The introduction of inexpensive refrigerators and freezers for home use made it possible to have safe, fresh, high-quality foods in the average home year-round. Freezing is especially useful, preserving foods for months in nearly fresh condition. However, freezing and thawing meats repeatedly can take away from their quality and increase the risk of food-borne illness.
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Time and Temperature
The risk of any food becoming a source of food-borne illness is directly related to how carefully you handle it. At temperatures from 40 to 140 F, bacteria can flourish and reproduce freely. This is a concern because, the more bacteria in a food, the greater the chance of illness. At temperatures below 40 Fahrenheit, most bacteria are sluggish or dormant and pose little threat. At freezer temperatures, bacteria are completely inactive. Whenever possible, the goals is to thaw your meat without ever letting it rise above 40 degrees Fahrenheit.
The USDA's Food Safety and Inspection Service recognizes three safe methods of thawing: in the refrigerator, cold running water or the microwave. Only refrigerator thawing is considered suitable for meats that might be refrozen. This is because no portion of the meat will rise above a food safe refrigerator temperature at any time. Other thawing methods allow part of the meat to rise above 40 Fahrenheit, creating a risk of infection. You'll need to be organized, because refrigerator thawing requires a degree of advance planning. Chops or steaks will thaw overnight, but a whole turkey can take days.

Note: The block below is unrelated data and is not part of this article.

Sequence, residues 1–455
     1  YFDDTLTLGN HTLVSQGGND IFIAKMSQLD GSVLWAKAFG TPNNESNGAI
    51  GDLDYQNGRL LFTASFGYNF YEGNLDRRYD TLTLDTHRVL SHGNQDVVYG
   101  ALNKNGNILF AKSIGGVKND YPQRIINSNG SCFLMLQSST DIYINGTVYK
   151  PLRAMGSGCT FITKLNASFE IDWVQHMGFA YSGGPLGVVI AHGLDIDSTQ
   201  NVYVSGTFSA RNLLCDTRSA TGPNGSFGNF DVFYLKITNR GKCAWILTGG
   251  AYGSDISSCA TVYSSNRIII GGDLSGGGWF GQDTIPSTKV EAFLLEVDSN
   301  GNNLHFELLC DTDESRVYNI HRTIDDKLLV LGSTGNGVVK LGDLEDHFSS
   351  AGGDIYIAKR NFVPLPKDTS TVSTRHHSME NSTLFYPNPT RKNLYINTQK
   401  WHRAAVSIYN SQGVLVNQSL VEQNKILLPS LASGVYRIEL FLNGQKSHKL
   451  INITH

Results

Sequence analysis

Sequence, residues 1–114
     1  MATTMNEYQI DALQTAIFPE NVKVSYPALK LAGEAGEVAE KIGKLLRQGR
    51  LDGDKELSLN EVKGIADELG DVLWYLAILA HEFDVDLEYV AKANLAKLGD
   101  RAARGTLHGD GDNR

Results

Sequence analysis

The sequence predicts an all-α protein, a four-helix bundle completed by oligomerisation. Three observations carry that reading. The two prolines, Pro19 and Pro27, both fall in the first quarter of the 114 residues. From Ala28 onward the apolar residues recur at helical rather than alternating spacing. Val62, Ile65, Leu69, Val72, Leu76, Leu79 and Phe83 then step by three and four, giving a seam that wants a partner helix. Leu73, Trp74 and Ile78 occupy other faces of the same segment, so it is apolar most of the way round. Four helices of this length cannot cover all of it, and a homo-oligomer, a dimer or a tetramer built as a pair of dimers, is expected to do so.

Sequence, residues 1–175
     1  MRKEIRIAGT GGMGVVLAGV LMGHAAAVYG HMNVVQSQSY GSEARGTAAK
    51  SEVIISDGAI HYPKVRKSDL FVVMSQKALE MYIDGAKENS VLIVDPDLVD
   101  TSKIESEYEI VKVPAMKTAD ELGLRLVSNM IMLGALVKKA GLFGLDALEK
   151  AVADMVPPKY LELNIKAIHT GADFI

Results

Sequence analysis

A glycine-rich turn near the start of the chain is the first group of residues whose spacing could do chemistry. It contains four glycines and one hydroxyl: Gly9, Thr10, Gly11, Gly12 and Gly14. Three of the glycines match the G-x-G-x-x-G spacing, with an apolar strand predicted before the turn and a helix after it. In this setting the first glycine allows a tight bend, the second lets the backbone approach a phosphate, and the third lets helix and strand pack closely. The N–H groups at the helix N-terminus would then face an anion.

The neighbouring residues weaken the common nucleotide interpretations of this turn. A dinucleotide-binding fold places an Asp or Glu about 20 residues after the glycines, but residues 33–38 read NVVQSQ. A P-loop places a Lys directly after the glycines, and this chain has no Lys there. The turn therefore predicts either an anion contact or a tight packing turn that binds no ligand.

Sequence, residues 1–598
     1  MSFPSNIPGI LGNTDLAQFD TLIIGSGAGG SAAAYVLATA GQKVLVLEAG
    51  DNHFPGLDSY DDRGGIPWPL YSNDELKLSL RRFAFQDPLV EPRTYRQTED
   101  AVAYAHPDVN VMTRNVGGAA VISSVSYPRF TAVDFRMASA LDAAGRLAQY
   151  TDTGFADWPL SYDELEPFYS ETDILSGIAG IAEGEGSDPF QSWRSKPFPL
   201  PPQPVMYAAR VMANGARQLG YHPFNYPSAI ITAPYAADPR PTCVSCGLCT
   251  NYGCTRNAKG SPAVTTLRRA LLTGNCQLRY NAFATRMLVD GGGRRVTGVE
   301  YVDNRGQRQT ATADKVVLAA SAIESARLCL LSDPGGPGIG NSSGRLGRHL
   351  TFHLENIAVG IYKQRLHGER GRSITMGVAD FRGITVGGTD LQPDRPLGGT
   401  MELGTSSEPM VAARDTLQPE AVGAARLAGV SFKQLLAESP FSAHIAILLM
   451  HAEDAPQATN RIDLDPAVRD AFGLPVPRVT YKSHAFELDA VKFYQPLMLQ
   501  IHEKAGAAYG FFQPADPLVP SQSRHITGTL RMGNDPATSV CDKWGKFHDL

Loss of Quality
A second freezing and thawing cycle has an impact on the meat's quality. When meats are frozen, ice crystals form inside the cells of muscle tissue and puncture the cell walls. That's why your meats leak juices when they're thawed. If you freeze the meat again, you're creating further moisture loss, and, when you eventually cook the meat, you may find it dense and dry in texture. Commercial processing plants freeze foods very quickly, producing smaller and less-damaging ice crystals, so meats you've purchased frozen suffer a smaller loss of quality than meats you've frozen at home.
When Not to Refreeze
Use your judgment when deciding to refreeze meats. If you've thawed your meats in the refrigerator, you can refreeze the unused portions that day or leave them overnight in the fridge and refreeze them the following day. Meats thawed in cold water or the microwave can be cooked first and then frozen, because cooking will stop any bacterial growth that may have begun. If the meat appears to have suffered freezer burn, discard it. If the meat is discolored, slimy or smells "off," discard it.